“The narrative of individual responsibility and change protects stasis, whether it’s adapting to inequality or poverty or pollution,” writes Solnit. “Our largest problems won’t be solved by heroes. They’ll be solved, if they are, by movements, coalitions, civil society.”
The whole introduction is nuanced, with keen dissection of identity and visibility in a media age
The irony, of course, is that Hall is a member of the British collective Assemble and thus well versed in discourses around shared authorship, interdisciplinarity, and collaboration. Her introduction, co-written with Audrey Thomas-Hayes, illustrates facility with these issues and acknowledges the awkwardness of the “singlehanded” slant.
“The inclusion of a number of female ‘halves’ in this book does not seek to distort these unions but exists to emphasise that in many ways it is impossible to disentangle the interconnected working relationship of women from those with whom they work,” they write.
Later, Hall and Thomas-Hayes recognise the complexity of ascribing authorship in practices that are non-marital unions and the societal biases that result in female partners having to prove their contributions to projects. They argue that inclusion is “intended to promote an expanded idea of how architecture in reality gets made”. The thought is rightfully empowering.
Indeed, the whole introduction is nuanced, with keen dissection of identity and visibility in a media age. It says all the right things and is pretty much perfect. Still, there’s a disconnect between the relatively short text and the subsequent visual rollcall of architecture by women.
The fight isn’t between men and women – the goal of parity is necessary on many fronts within the field
Essayist Jia Tolentino writes about feminism and capitalism in her book Trick Mirror (excerpted in the Guardian last summer). The disconnect at the heart of Breaking Ground lines up with her critique of market-friendly feminism. She writes:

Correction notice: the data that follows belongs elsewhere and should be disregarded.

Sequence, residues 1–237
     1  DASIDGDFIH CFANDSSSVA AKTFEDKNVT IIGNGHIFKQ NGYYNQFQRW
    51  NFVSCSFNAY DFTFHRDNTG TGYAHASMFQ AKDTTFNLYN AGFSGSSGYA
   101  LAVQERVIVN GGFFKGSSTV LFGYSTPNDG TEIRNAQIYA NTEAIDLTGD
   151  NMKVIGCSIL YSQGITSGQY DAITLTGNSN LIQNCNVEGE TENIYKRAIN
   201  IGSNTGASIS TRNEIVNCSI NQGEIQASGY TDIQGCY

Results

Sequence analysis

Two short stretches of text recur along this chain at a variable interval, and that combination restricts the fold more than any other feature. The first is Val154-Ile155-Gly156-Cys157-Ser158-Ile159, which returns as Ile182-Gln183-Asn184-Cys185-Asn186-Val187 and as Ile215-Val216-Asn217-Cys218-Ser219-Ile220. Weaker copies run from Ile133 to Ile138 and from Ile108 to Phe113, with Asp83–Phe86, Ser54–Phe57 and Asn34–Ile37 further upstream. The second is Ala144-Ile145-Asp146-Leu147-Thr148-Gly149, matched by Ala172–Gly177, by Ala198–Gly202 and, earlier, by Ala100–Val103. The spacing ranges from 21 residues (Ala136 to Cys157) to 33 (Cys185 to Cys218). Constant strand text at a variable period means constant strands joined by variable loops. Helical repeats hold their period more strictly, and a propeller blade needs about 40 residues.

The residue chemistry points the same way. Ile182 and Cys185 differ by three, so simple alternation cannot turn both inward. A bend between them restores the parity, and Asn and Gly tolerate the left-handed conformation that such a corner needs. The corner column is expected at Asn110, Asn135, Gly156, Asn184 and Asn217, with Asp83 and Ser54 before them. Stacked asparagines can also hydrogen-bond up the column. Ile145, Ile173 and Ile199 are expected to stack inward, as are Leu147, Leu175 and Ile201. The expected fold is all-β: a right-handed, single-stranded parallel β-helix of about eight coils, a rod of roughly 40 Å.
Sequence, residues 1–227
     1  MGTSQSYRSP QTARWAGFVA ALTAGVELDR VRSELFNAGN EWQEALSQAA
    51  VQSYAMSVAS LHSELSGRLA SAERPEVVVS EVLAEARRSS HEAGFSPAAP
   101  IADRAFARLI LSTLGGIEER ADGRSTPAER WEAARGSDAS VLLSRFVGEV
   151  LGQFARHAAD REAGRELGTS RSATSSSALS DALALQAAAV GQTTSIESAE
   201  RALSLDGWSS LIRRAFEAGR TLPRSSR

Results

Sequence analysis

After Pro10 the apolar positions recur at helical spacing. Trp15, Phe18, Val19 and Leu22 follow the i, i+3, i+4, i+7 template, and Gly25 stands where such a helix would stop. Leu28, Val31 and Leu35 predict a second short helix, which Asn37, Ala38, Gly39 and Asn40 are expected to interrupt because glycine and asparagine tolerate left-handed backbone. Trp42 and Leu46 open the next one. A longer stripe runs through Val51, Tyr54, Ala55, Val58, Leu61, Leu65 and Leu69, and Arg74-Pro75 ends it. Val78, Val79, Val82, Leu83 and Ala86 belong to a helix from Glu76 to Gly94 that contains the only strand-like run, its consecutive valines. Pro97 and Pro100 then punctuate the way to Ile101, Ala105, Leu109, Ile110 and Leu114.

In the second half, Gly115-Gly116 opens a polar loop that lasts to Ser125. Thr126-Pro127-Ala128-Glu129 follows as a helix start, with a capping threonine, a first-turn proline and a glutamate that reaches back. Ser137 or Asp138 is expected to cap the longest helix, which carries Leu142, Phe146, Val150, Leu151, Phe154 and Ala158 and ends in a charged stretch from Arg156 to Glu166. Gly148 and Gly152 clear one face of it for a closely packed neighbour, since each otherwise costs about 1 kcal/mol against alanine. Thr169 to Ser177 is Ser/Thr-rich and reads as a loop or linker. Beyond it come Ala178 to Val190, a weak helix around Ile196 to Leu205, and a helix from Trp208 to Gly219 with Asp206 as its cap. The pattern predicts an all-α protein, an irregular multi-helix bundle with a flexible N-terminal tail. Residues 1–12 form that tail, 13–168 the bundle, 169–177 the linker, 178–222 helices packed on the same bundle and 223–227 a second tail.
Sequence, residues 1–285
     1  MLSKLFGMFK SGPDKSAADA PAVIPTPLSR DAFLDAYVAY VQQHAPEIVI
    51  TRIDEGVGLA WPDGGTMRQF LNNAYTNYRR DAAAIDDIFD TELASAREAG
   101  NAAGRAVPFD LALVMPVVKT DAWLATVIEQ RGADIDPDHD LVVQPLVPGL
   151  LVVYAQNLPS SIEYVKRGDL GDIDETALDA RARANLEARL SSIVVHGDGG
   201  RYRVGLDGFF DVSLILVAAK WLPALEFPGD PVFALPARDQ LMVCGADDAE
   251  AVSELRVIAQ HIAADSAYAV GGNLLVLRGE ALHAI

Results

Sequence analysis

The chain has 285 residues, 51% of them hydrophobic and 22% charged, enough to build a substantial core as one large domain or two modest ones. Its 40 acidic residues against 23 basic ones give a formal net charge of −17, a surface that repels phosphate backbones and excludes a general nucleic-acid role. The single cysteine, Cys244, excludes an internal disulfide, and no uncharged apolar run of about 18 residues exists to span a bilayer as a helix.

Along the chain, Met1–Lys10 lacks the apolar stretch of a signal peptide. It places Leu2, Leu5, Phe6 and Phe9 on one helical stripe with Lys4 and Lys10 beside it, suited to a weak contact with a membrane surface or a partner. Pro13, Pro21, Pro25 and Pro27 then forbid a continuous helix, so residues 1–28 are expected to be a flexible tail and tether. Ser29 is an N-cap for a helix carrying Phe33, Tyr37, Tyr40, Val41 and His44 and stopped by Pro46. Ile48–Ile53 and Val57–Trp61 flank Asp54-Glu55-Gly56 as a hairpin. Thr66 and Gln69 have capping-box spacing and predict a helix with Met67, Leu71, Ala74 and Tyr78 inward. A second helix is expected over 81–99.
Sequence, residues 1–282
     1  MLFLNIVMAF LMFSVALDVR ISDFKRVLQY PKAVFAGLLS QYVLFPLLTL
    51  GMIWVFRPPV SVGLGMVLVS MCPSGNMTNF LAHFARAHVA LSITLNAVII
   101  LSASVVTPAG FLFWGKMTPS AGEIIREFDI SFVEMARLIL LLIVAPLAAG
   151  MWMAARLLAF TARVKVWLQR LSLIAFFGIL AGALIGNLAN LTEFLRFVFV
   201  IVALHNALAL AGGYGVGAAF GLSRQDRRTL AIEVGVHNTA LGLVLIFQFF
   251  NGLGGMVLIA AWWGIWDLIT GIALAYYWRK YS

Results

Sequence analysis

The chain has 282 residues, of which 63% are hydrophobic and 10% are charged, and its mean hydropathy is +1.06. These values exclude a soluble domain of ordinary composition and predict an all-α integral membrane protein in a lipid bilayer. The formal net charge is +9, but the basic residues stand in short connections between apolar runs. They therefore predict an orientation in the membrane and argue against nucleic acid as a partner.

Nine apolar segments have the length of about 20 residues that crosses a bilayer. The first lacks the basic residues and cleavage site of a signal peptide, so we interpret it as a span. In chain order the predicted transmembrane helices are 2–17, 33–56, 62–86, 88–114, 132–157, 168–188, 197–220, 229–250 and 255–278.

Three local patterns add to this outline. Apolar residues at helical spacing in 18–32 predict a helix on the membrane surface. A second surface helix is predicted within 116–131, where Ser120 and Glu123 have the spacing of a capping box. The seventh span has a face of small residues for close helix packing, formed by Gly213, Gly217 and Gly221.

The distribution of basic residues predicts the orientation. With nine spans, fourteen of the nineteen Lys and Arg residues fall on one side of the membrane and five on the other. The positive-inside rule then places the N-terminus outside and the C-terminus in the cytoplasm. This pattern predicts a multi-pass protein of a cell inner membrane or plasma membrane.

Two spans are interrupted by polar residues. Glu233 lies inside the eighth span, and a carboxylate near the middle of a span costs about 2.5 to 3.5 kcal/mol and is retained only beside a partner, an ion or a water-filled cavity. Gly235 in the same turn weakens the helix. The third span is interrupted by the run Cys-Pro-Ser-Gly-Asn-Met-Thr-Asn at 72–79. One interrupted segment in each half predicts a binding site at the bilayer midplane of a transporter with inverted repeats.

“Feminism has not eradicated the tyranny of the ideal woman but, rather, has entrenched it and made it trickier. These days, it is perhaps even more psychologically seamless than ever for an ordinary woman to spend her life walking toward the idealized mirage of her own self-image. She can believe – reasonably enough, and with the full encouragement of feminism – that she herself is the architect of the exquisite, constant and often pleasurable type of power that this image holds over her time, her money, her decisions, her selfhood and her soul.”
The title of Hall and Thomas-Hayes introduction, “Would They Still Call Me A Diva?”, is taken from Zaha Hadid’s famous quote. The authors leave out the tail end of the question, “if I was a man?”. I’d like to think of this edit as a changing of the terms of engagement. The fight isn’t between men and women – the goal of parity is necessary on many fronts within the field.
Instead, this is an ongoing skirmish between the well-argued text of the introduction and the glossy pictures. Between the everyday experiences of practicing architecture and the media representations. Between a woman and images of women. Between an architect and images of architecture.